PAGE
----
The Thackray Medical Museum, admired today for its imposing architecture and grand entrance hall, has a long and chequered history.
It first opened in 1861 as the purpose-built Leeds Union Workhouse, a harsh and unwelcoming home for poor and homeless people with nowhere else to go. Over the years, new buildings were gradually added to the workhouse complex, including a separate infirmary.
More enlightened policies and the introduction of state support in the early twentieth century meant that workhouses were no longer needed, and in 1925 the Leeds Union Workhouse infirmary was renamed St James’s Hospital. By 1945, the rest of the workhouse had merged with the hospital and it became part of the NHS in 1948.
By the 1990s, the old Leeds Union Workhouse building was considered unfit for modern medicine. As a listed building, it could not be demolished and Parliament gave permission for it to house the Thackray Medical Museum, which opened in 1997.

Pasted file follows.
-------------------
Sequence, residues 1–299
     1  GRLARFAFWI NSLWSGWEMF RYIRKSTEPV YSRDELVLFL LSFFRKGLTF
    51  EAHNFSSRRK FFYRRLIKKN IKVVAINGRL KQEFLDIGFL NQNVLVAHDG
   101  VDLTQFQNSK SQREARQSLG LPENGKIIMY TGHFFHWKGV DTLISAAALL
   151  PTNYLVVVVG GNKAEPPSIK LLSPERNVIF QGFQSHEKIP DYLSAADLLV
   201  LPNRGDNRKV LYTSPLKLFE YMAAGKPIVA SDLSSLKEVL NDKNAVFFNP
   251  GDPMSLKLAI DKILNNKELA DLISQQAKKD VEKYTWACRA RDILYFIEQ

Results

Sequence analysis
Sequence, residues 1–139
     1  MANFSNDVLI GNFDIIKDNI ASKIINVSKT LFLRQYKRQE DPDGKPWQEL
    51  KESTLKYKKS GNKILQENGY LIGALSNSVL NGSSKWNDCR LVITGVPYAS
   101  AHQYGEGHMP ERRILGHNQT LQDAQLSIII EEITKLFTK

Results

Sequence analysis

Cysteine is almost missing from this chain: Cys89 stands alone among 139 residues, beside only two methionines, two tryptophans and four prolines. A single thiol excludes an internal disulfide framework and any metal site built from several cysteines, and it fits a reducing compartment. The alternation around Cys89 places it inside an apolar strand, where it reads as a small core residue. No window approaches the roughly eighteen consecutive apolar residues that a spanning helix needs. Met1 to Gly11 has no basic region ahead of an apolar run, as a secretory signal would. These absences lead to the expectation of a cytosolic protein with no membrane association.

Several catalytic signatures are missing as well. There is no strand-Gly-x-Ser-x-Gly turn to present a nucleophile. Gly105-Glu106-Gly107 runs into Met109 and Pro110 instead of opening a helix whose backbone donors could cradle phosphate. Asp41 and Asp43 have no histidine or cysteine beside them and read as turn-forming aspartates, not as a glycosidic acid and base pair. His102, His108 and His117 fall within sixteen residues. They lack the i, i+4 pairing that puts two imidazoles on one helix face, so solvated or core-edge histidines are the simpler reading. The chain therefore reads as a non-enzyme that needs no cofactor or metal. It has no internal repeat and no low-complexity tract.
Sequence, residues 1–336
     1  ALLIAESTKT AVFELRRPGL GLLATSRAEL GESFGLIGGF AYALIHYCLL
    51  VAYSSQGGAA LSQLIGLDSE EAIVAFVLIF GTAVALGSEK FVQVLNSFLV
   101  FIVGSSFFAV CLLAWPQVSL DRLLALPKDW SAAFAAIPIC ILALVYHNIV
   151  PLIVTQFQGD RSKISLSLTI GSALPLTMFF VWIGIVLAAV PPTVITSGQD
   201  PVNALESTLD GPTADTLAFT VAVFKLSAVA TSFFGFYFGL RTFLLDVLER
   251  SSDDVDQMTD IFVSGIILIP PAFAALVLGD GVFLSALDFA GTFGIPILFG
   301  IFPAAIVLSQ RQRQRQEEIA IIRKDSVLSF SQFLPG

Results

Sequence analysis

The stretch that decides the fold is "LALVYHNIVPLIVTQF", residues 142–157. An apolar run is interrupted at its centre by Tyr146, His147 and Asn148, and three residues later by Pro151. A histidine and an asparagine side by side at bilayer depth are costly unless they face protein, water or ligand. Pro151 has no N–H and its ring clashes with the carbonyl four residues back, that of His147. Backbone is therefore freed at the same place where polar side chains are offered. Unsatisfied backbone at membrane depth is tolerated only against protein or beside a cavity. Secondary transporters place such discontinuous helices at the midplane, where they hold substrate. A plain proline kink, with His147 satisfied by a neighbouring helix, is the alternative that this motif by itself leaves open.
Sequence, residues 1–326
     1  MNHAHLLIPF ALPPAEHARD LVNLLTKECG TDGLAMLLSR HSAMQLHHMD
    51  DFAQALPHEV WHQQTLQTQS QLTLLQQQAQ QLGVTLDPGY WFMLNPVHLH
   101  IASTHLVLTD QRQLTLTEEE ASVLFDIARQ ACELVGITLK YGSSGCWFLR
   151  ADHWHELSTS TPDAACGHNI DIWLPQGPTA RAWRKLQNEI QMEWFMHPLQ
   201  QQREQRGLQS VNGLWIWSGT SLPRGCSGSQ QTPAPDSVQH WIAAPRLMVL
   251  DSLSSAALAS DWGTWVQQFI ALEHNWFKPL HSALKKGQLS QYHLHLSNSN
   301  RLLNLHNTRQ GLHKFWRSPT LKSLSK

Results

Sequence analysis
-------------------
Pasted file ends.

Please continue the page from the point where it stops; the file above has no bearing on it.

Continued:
The Thackray Medical Museum
The Thackray Medical Museum has its origins in a small family-run chemist shop, opened in 1902 by Charles Thackray, in Great George Street, Leeds.
Charles developed the business into a major medical supply firm, supplying drugs and medical instruments and equipment across the world.
In the 1980s, Charles’s grandson Paul, a company director and major shareholder, used some of the firm’s medical supplies, books, trade catalogues and equipment to set up a small museum. The business was finally sold to a multi-national company in 1990, and Paul then established a charitable trust to develop the collection and enable the wider public to learn more about the story of medicine.
With the help of generous contributions from the Heritage Lottery Fund, private donors and the Thackray Medical Research Trust, The Thackray Medical Museum has since gone from strength to strength and now welcomes visitors, scholars and researchers from all over the world.